Speech Title: The power of interventions – the example of Finland: The North Karelia Project
Erkki Vartiainen, MD, Ph.D. has been Professor (emeritus) and Assistant Director General in National Institute for Health and Welfare in Finland. The main responsibility of his department has been non-communicable disease prevention. His main research interest has been cardiovascular disease prevention by risk factors and lifestyle changes. He has over 600 publications in international and national scientific journals. He has been working as a co-principal investigator in the North Karelia Project. Consult for World Bank, WHO and EU in chronic diseases prevention in several developed and developing countries. He was Visiting Scientist at CDC in the US in 1989-90, Visiting Professor at the University of Edinburgh in 2000-2001, he had Adjunct Academic Status as a Professor 2011-2013 and Doctor of Science (honorary) in Flinders University, Australia. He was a member of executive board in Finnish Diabetes Association, chairperson of the central council in Asthma and Allergy Federation and chairperson of the Finnish Association for Substance Abuse Prevention, and chairperson of National Nutrition Council in Finland. He was director of WHO Collaborative Centre on NCD prevention in Finland.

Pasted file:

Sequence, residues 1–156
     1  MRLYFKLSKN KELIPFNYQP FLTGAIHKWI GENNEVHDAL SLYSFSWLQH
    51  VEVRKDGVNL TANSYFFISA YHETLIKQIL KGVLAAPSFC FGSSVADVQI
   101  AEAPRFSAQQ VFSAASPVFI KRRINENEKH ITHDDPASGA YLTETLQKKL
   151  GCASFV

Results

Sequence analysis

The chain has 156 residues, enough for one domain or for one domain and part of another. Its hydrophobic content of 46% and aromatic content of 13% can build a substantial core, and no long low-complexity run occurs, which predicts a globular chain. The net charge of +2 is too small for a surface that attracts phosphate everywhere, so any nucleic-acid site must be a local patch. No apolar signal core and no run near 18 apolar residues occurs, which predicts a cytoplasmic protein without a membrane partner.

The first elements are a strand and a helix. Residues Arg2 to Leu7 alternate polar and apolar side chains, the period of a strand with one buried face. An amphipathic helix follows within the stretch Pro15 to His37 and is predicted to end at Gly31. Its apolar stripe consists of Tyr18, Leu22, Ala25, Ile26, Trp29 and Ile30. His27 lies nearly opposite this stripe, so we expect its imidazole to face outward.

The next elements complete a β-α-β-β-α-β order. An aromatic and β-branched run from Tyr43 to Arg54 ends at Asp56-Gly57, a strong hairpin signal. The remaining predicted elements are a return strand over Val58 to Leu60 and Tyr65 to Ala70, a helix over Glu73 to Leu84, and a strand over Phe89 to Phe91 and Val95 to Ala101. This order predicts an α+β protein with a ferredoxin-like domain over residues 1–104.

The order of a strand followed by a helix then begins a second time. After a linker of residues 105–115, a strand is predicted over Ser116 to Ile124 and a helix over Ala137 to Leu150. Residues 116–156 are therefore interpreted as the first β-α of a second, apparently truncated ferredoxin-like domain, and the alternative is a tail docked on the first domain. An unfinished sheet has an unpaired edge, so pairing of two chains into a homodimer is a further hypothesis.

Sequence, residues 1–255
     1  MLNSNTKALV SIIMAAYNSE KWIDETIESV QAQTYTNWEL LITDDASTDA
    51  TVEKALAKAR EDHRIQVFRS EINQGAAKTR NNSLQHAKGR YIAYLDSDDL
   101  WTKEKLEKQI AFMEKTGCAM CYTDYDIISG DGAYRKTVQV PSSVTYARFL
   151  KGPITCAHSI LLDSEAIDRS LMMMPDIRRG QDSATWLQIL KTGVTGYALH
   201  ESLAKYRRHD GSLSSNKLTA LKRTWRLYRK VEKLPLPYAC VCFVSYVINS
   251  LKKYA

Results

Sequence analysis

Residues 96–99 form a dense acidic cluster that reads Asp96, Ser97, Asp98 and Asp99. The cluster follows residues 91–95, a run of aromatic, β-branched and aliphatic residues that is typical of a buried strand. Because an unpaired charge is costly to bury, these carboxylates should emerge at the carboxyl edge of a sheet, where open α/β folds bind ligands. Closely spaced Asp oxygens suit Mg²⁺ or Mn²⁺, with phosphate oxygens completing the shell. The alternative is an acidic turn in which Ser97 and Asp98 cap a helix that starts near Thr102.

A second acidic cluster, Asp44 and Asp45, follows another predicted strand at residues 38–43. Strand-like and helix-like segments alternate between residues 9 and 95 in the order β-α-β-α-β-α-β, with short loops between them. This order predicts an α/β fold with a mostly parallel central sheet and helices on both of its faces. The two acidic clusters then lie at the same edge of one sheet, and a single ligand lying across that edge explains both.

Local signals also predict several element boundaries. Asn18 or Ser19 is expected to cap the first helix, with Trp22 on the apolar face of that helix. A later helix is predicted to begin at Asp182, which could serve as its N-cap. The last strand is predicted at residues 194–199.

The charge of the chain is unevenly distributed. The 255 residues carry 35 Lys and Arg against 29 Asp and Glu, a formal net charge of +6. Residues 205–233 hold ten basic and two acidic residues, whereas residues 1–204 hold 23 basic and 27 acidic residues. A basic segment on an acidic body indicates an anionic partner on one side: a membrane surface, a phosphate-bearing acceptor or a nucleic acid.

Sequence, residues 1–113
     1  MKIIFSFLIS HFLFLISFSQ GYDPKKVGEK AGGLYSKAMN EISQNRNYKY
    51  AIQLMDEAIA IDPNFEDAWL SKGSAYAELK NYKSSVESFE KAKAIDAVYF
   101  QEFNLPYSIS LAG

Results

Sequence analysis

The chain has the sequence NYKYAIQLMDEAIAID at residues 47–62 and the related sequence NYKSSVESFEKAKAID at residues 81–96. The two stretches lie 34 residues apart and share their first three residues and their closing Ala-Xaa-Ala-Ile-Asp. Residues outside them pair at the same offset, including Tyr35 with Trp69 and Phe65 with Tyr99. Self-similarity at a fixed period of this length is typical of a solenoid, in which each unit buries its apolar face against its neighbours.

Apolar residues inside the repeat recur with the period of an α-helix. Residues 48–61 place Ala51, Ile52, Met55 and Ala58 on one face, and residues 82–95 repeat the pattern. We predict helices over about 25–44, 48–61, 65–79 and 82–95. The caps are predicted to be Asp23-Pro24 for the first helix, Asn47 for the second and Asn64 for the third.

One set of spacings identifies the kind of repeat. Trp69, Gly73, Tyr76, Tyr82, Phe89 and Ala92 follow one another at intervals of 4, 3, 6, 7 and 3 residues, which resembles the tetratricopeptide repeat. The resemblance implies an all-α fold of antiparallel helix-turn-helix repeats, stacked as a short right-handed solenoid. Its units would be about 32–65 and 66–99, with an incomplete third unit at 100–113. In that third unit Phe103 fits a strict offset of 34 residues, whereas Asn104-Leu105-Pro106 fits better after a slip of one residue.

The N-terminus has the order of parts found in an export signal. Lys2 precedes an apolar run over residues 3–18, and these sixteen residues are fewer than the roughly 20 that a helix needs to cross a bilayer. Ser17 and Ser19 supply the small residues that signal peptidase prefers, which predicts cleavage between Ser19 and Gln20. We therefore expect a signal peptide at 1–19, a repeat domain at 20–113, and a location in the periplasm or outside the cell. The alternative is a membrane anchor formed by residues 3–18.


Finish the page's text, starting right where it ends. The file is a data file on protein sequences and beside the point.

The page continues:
Finland in the 1960s, and especially North Karelia in the eastern part of the country, had the highest cardiovascular mortality in the world. The classical cardiovascular risk factors were all common, but serum cholesterol level was extremely high because of the very high intake of saturated fats, mainly from dairy products. The North Karelia Project was started as a comprehensive preventive program to reduce serum cholesterol levels by reducing the intake of saturated fats and increasing the intake of polyunsaturated fats in the whole population. Cross-sectional population surveys were done in North Karelia and nearby Kuopio province every 5 years starting in 1972. After 1982, surveys were started also in other areas in Finland. Blood cholesterol was measured from serum samples, and diet was assessed by a questionnaire in all surveys—since 1982 by 3-day food record, since 1997 by 24-hour recall, and since 2002 by 48-hour recall. Between 1972 and 2012, the population in North Karelia reduced serum cholesterol from 6.92 mmol/l to 5.46 mmol/l (21%) in men and from 6.81 mmol/l to 5.37 mmol/l (21%) in women. In men, serum cholesterol level reduced more in North Karelia than in the reference province of Kuopio during the first 5 years from 1972 to 1977. Since that time, changes in serum cholesterol level have been very similar in different parts of the country. Saturated fats were reduced from 20% of energy intake to 12% in 2007 but increased from 2007 to 2017 to 14%. Cardiovascular mortality declined 82% and 40 % of that decline was explained by serum cholesterol reduction. In conclusion, serum cholesterol reduction by dietary changes is feasible on the population level but requires active work and large-scale cooperation between all the meaningful sectors in the society and cholesterol reduction quickly reducing to cardiovascular mortality.